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Eileen Kilgour
Eileen Kilgour campaign leader

Clinic in Crisis, please read for more details.

Clinic in crisis, Bangkok Post, Thailand.

Dr Cynthia Maung has won 14 international awards for her humanitarian work at the Mae Tao Clinic on the Thai-Burma border. In 1989, its founding year, her clinic treated 2,000 patients - by 2010, that figure surged to a massive 140,000

Published: 9/05/2010 at 12:00 AM
Newspaper section: Spectrum

Most of the Burmese people coming to Dr Cynthia Maung's clinic are in dire need of medical care not available to them in their home country. Their plight puts a spotlight on the health and humanitarian crisis created in Burma by the ruling military regime and its military focused policies.

NEEDING HELP: A Burmese child at Dr Cynthia’s clinic near the border. PHOTOS: PHIL THORNTON

Dr Cynthia, in spite of all the awards and kind words showered on her and the clinic, warns that the statistics are not to be misread as an achievement.

"It's not a success story, but a story of failure, the failure of the Burma military regime to care for its people," she said.

A report, Chronic Emergency, by the Back Pack Health Worker Team, an organisation that delivers medical assistance to displaced people in eastern Burma, backs up Dr Cynthia's position.

The report states that one in 10 children will die before the age of one, and more than one in five before their fifth birthday, and one in 12 women will lose their lives from complications of pregnancy and childbirth. Malaria, HIV/Aids and tuberculosis rates in Burma are considered epidemics by international health organisations.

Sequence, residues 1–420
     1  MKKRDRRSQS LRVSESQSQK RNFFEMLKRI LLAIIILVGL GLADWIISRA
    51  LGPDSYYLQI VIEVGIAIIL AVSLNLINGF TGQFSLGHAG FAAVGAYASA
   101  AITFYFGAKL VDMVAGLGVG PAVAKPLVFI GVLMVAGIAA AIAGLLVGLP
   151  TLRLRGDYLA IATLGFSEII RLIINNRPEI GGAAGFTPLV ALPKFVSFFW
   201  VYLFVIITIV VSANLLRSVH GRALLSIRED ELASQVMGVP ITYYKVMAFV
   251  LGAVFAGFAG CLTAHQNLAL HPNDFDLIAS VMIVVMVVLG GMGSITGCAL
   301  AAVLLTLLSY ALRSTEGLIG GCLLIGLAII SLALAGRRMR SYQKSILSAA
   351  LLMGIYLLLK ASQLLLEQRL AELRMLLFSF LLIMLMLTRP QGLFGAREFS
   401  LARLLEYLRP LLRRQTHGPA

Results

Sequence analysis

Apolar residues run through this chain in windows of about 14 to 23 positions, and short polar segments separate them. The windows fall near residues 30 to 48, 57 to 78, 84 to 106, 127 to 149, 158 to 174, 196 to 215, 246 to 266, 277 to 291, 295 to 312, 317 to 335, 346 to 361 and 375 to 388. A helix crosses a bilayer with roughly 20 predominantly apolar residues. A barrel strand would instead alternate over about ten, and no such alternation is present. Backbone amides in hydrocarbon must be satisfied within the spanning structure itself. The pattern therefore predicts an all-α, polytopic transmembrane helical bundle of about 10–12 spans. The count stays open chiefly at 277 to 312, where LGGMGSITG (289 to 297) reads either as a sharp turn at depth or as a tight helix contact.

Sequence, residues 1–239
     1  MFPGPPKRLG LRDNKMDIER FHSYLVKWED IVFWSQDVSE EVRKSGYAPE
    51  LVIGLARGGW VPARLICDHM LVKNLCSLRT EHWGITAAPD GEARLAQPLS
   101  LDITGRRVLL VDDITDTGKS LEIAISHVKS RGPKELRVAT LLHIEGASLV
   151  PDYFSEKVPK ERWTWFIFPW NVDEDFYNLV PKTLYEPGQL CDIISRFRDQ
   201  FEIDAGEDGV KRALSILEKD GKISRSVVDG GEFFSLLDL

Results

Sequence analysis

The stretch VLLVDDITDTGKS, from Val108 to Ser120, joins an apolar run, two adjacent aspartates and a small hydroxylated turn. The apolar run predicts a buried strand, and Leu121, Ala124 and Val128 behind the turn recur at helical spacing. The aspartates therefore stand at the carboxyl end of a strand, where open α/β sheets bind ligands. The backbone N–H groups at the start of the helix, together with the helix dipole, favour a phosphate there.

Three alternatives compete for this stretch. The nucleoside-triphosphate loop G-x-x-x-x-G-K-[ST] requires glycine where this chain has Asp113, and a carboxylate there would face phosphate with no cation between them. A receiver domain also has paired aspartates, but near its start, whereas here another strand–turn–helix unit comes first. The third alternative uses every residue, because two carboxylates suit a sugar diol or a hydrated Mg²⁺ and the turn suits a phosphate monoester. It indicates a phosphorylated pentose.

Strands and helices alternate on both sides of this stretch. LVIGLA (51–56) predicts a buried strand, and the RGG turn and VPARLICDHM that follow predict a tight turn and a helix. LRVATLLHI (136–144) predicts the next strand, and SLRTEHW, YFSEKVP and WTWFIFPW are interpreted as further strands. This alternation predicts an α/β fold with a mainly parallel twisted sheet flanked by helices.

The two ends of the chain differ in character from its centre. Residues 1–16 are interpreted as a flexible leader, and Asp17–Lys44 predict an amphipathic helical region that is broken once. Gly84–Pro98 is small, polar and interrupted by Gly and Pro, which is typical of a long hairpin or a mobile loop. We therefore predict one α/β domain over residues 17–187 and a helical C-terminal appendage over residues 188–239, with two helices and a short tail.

Dr Cynthia says each year the clinic sees up to 20% more patients, due to the ever-worsening humanitarian and economic crisis in Burma. The clinic offers free medical care to Burmese migrant workers, refugees and to villagers displaced by the Burmese army.

"Every year we need more and more money just to catch up. We desperately need long-term donors. Our donors are usually for only a year at a time. This creates a lot of stress for us, as we don't know if we can continue our services."

CROWDED: The sick and injured wait for lab results. A shortage of funds, medicines and other items has hit the clinic as more and more people continue to arrive. PHOTOS: PHIL THORNTON

Dr Cynthia warns the situation in Burma is not going to get better anytime soon.

"It's not just a health crisis, it's now become more complex. It's orphaned children at risk. It's the elderly, a lack of access to education, mental trauma, chronic poverty and food security. Burma has no health system, no social priorities, no welfare planning, there's no level of minimum care."

Dr Cynthia says many isolated communities are without basic necessities such as running water and electricity.

''The people's welfare is not the regime's priority. Citizens are not considered as human beings, but as something to be controlled.''

The Mae Tao Clinic is wedged between two worlds _ the hustle and bustle of Mae Sot's product-packed shops and markets, and the drabness of poverty-stricken Myawaddy on the Burmese side of the Moei River.

Belting back and forth between the two towns are fleets of old, rusting, over-used and exhaust-belching Burmese registered mini-vans. In co-ordinated moves, the vans drop off and pick up mobs of Burmese people at shops, clinics, pharmacies and markets. These people are not shopping for big-name brands or luxury goods. Most are picking up toothpaste, shampoo, headache tablets, cough syrups, soap, detergents, fish sauce, oil, tinned fish, cordial, MSG, instant noodles, salt and sugar.

SPARSE: A lack of facilities hasn’t stopped the influx of people.

Everyday taken-for-granted items on this side of the border, but in product-deprived Burma, hard-to-find or to buy.

From early morning to late afternoon, overloaded convoys of pick-up trucks disgorge people outside Dr Cynthia's clinic, as many as 500 nervous looking Burmese men, women and children in need of health care. Some, like 72-year-old Uncle Min, have travelled a long way to get help. His daughter says they spent 10 days travelling...

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